First of all, it makes sense to reflect on the goals achieved and the benefits gained so far – particularly in comparison to a paper-based process. These functional benefits are not related to the actual objective of the project, which was to test blockchain. Instead, they can be seen as by-products that were achieved along the way.
For example, there was no avoiding a full digitalisation of the process, which was necessary for the implementation of the pilot app. Even without further optimisation, the digitalised process would still work, in the same way as the paper-based process. This was something confirmed by project participants, who proved that there’s no need to laboriously fill out pallet notes any more, and that the process can work entirely with digital signatures. That’s a good start!
It also paves the way towards the first functional benefit: the balance between two exchange partners can be accessed at any time, rather than having to wait for the next pile of pallet notes to be entered. This means that decisions concerning pallet movement can be made at the loading bay, based on real-time data. When a company has a higher pallet balance, it can decide to keep hold of empty pallets to gradually even the situation out.
The data format was also standardised and tested during the pilot project. In practice, this is an area where hurdles and seemingly insurmountable barriers are often met. By using the GS1 EPCIS format (with minimal adjustments for blockchain) the team was able to meet a quick consensus. Several project participants also looked directly inside the blockchain and saw the data format used – everyone could understand the transactions even without the front end. This may be uncomfortable, but it underlines the openness of our solution and is the cornerstone that enables the data to be interpreted.
In our opinion, the analysis of the data represents the greatest potential of an entirely digital solution like this one. For example, it introduces the concept of circular swaps, which would allow more than two retail partners with differing balances to even out their pallet stock with one another. Currently, consideration of such scenarios is based on full data transparency, which we adopted for the pilot. However, there are alternative approaches that would also enable these scenarios, which we’ll come to later.
Last but not least, we successfully completed a blockchain project involving 17 partners, the success of which heavily depended on these partners working together closely on equal terms. Blockchain itself actually took a back-seat, just like it has in this post – and that’s a good thing! What matters to the end user is that the process runs smoothly. Blockchain is only a technology – in other words, it’s no more than a means to an end.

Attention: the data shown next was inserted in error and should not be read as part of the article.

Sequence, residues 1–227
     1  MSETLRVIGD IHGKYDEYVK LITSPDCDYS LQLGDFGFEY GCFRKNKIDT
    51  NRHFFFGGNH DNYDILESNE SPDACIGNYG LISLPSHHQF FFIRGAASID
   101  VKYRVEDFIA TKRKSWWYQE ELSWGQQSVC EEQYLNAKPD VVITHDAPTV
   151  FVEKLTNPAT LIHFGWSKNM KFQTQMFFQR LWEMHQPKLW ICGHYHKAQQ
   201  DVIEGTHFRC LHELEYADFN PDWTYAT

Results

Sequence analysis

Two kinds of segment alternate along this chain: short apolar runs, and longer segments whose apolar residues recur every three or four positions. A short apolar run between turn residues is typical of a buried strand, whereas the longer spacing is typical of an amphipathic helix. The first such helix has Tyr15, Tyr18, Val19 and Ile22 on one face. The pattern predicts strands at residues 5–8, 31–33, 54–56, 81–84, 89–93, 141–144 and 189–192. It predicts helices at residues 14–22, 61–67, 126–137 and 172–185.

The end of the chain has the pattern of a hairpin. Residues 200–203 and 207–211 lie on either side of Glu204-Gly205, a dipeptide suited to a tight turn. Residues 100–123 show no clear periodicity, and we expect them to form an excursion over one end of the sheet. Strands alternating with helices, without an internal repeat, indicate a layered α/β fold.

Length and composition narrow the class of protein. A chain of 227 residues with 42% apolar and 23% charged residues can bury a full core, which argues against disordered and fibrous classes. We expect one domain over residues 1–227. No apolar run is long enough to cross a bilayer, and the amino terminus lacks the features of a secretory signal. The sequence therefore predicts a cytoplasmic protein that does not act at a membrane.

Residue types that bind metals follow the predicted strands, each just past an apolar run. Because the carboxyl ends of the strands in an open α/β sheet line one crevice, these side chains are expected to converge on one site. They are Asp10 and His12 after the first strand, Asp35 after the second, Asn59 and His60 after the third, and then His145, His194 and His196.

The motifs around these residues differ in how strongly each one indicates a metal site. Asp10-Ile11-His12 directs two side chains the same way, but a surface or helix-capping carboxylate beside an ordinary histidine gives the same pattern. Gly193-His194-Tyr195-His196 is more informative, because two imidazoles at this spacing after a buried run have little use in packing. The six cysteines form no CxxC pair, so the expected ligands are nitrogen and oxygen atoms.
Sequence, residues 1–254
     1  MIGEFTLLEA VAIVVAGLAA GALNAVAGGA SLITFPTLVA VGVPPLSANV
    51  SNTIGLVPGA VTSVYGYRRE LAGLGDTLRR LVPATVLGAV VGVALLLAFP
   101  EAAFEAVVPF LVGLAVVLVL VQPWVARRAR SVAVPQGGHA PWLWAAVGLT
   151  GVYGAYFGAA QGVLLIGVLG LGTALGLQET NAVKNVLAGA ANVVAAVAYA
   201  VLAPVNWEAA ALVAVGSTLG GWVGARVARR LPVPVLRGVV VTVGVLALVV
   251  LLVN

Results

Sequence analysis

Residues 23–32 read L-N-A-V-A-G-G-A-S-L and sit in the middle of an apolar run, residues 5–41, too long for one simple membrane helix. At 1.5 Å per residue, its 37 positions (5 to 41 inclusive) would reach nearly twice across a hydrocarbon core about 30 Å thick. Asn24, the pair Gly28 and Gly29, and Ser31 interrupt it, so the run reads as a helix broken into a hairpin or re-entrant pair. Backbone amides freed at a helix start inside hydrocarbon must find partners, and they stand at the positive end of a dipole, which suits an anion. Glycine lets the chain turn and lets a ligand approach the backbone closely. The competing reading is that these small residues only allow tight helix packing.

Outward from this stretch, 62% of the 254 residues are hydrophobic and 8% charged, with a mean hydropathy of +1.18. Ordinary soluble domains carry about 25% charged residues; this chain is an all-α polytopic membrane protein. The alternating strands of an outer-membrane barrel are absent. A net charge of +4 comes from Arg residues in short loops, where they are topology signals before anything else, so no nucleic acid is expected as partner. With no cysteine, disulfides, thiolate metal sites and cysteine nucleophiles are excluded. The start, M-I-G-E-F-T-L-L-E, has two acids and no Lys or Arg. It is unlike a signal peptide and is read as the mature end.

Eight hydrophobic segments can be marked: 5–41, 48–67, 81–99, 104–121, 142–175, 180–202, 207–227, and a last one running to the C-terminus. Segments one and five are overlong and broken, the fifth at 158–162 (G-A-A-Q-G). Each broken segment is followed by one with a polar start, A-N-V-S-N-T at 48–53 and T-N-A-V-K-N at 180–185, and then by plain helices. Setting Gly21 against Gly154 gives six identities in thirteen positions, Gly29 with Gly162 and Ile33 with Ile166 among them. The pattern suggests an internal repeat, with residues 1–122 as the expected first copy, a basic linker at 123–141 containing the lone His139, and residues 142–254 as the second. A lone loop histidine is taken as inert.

Firstly, it should be said that the resulting data is more than manageable. We can expect to be dealing with a volume of approximately 10MB per 1000 exchange transactions (plus some overheads and indexes). The transactions during the pilot project would equate to an annual volume of only around 500 MB of data per year.
This may not seem like much initially, but when it is scaled up to the number of network participants and a growing number of years, the volume of data created should not be underestimated. An extrapolation of the data from the load test (3600 exchanges per hour, 86,400 per day and just under 32 million per year) shows that data volumes quickly reach the gigabyte level – a total of 300GB per year, to be precise. Given this, combined with the basic principle that the data is immutable, we soon recognise that the location and life cycle of the data needs serious consideration.
One frequently discussed approach, which is gradually being introduced into a variety of enterprise-centric blockchain technologies, is the partial replication of data between companies involved in the process. This is being introduced as off-chain data in MultiChain 2.0, for example. In other words, this is where private communication channels between two nodes are described, which do not need to be published in a globally replicated chain.
This approach has benefits in terms of both data volume and latency of transactions because only a fingerprint of the data needs to be available to everyone at all times, with the actual data being replicated asynchronously later on. In practice, another benefit that this brings for our pallet consortium is the fact that expected data volume scales linearly with the number of a company’s own transactions. A multinational logistics company can definitely deal with terabytes’ worth of data, but it makes no sense for a nursery that only handles a few transactions a day or week.
An extrapolation among some companies that took part in the test confirms this assumption and makes it evident that implementing the correct data replication concept can significantly increase the acceptance of the technology.
Despite possible optimisations using partial data replication, the lifecycle also needs to be given some thought at some point. Once a blockchain, always a blockchain. Blocks build on top of one other and are validated back to the first – or genesis – block. Old data cannot simply be deleted or archived.
The easiest approach, and the one that is the most promising, is simple. Like a full notebook or an overflowing order book, the pages eventually run out. Now, this isn’t necessarily the case with a technical solution, but the solution remains the same. The way to solve this issue is a simple transfer of the closing balance into the opening balance of a new stream, thereby closing off the old stream. A copy of the data in the immutable stream can then be archived or stored using traditional tools.
The system that was successfully tested during the pilot project is now integrating the digitalisation of the debt to be carried forward, which is currently included in the information on the pallet note. The difference in number of pallets exchanged creates a debt that needs to be settled at some point, either in pallets or money. However, this functionality doesn’t specifically need a blockchain, because the debt carried forward is only recognised with the signature of both exchange partners. If there’s no signature, the debt cannot be acknowledged. Today, blockchain is primarily used to ensure error-free replication for both parties and serve as a mutual source of evidence.